“Only a ‘real’ lobbyist could do this,” Manatos said, “not just the thousands of people who must register as lobbyists because the law is so broad.” Aha! There, then, is the first reason for the misperception. There are lobbyists and there are lobbyists. What makes a “real” one, though?

A real lobbyist, Manatos says, “is someone in whom a policymaker has such complete trust that he or she will do what the lobbyist asks with just slight staff examination. Why will the policymaker do this? It is because the policymaker knows that the lobbyist will only ask him or her to do things if they meet the following criteria: 1) the issue has been thoroughly researched, from all sides, and found to be valid; 2) the issue helps accomplish a goal that the policymaker wants to achieve; 3) the issue will impact positively on his or her constituents and the rest of America; and 4) his or her support of the issue will not injure them politically and could be politically helpful to them.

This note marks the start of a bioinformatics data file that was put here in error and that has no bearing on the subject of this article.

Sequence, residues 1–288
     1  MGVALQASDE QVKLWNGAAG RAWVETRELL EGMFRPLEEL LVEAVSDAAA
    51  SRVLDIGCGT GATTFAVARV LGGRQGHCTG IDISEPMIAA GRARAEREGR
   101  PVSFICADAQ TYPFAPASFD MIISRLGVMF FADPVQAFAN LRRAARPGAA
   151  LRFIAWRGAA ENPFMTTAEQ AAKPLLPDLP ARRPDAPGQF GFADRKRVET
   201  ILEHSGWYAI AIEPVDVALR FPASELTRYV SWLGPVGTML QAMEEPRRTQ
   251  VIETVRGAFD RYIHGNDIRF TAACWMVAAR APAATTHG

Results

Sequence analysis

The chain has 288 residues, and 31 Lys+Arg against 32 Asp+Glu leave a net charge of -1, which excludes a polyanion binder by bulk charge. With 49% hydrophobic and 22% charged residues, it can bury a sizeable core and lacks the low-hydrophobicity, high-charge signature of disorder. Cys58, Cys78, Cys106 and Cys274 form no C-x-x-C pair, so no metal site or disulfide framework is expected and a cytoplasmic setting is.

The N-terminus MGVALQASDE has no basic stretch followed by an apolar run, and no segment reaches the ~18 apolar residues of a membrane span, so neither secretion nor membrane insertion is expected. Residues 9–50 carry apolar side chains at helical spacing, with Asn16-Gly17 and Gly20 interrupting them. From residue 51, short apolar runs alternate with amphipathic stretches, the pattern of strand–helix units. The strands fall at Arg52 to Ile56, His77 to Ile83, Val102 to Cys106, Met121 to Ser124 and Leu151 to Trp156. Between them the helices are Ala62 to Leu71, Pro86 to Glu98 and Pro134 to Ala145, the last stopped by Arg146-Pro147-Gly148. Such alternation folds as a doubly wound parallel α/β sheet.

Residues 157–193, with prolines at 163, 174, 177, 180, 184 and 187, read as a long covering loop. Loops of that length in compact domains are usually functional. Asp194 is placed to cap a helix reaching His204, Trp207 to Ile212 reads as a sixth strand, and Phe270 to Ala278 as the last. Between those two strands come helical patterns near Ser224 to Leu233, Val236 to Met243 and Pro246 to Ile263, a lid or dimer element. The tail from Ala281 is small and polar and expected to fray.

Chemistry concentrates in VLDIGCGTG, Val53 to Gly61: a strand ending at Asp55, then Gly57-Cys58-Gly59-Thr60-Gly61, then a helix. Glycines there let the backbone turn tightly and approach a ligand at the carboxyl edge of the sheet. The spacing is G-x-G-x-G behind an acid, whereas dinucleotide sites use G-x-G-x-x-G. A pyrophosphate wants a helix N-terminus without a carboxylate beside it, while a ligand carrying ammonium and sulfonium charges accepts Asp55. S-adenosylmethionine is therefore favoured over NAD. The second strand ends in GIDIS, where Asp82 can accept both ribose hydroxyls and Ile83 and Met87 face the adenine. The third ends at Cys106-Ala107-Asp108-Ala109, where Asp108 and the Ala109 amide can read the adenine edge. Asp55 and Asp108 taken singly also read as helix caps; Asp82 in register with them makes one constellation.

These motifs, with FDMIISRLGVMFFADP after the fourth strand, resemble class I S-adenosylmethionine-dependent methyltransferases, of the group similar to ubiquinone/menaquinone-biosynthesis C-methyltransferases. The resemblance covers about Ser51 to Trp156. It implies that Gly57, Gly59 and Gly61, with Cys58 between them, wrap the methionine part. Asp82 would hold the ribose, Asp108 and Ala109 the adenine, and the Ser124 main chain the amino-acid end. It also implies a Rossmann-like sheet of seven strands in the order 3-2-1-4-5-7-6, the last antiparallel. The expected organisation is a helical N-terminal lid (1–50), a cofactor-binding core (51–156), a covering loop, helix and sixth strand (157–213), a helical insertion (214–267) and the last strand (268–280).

“The first time a lobbyist gives the policymaker an issue that does not meet these criteria is the last time that policymaker will every consider something given by that lobbyist.”

What about the belief that lobbyists hand politicians fat envelopes stuffed with cash, and that’s why they get results? Isn’t it just a matter of money talks? Not quite, says Manatos. Members of Congress and Senators respectively receive 5,000 and 25,000 written communications every week, Manatos says, which surely gives them time to pay attention to only a small fraction of them.

Even if each House Member or Senator read, say two per day – as their staffs estimate – that would mean, over 99% of the letters and emails would go unread, let alone acted upon. Inevitably, Congress members have to pick and choose what issues they address, and Manatos says it is those issues that affect a “significant” number of their constituents. Far from being a scourge on the nation, Manatos contends that “lobbying is crucial to America.”